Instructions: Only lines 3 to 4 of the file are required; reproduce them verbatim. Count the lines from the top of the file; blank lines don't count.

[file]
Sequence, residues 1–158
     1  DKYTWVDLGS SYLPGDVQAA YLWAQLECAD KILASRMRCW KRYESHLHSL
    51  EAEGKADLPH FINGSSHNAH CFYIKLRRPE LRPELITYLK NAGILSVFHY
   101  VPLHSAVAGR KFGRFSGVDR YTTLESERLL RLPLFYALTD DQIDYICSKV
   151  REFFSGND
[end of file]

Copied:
    51  EAEGKADLPH FINGSSHNAH CFYIKLRRPE LRPELITYLK NAGILSVFHY
   101  VPLHSAVAGR KFGRFSGVDR YTTLESERLL RLPLFYALTD DQIDYICSKV